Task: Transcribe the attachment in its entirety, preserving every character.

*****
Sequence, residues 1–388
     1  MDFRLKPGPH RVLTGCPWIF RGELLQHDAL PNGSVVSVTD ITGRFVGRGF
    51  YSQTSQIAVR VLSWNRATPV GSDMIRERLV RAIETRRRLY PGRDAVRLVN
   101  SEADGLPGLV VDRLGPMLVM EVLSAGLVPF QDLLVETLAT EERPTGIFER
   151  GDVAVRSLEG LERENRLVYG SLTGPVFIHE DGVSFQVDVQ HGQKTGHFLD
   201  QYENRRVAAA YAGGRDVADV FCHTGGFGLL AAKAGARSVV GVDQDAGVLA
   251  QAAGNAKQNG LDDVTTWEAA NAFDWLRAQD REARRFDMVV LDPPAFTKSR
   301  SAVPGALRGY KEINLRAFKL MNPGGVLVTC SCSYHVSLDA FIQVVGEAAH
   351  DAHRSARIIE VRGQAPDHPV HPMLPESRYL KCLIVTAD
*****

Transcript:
Sequence, residues 1–388
     1  MDFRLKPGPH RVLTGCPWIF RGELLQHDAL PNGSVVSVTD ITGRFVGRGF
    51  YSQTSQIAVR VLSWNRATPV GSDMIRERLV RAIETRRRLY PGRDAVRLVN
   101  SEADGLPGLV VDRLGPMLVM EVLSAGLVPF QDLLVETLAT EERPTGIFER
   151  GDVAVRSLEG LERENRLVYG SLTGPVFIHE DGVSFQVDVQ HGQKTGHFLD
   201  QYENRRVAAA YAGGRDVADV FCHTGGFGLL AAKAGARSVV GVDQDAGVLA
   251  QAAGNAKQNG LDDVTTWEAA NAFDWLRAQD REARRFDMVV LDPPAFTKSR
   301  SAVPGALRGY KEINLRAFKL MNPGGVLVTC SCSYHVSLDA FIQVVGEAAH
   351  DAHRSARIIE VRGQAPDHPV HPMLPESRYL KCLIVTAD